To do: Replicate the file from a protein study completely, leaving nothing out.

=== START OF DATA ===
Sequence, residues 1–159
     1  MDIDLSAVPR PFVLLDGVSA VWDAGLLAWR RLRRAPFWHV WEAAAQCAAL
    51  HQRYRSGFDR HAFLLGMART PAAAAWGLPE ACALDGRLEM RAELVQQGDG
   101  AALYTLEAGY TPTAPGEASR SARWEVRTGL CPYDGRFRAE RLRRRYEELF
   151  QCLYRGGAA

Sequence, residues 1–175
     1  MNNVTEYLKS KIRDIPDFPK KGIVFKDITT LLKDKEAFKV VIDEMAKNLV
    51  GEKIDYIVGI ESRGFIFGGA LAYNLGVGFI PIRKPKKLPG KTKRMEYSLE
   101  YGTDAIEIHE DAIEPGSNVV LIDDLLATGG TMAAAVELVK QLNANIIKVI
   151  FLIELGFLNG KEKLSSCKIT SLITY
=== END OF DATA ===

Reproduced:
Sequence, residues 1–159
     1  MDIDLSAVPR PFVLLDGVSA VWDAGLLAWR RLRRAPFWHV WEAAAQCAAL
    51  HQRYRSGFDR HAFLLGMART PAAAAWGLPE ACALDGRLEM RAELVQQGDG
   101  AALYTLEAGY TPTAPGEASR SARWEVRTGL CPYDGRFRAE RLRRRYEELF
   151  QCLYRGGAA

Sequence, residues 1–175
     1  MNNVTEYLKS KIRDIPDFPK KGIVFKDITT LLKDKEAFKV VIDEMAKNLV
    51  GEKIDYIVGI ESRGFIFGGA LAYNLGVGFI PIRKPKKLPG KTKRMEYSLE
   101  YGTDAIEIHE DAIEPGSNVV LIDDLLATGG TMAAAVELVK QLNANIIKVI
   151  FLIELGFLNG KEKLSSCKIT SLITY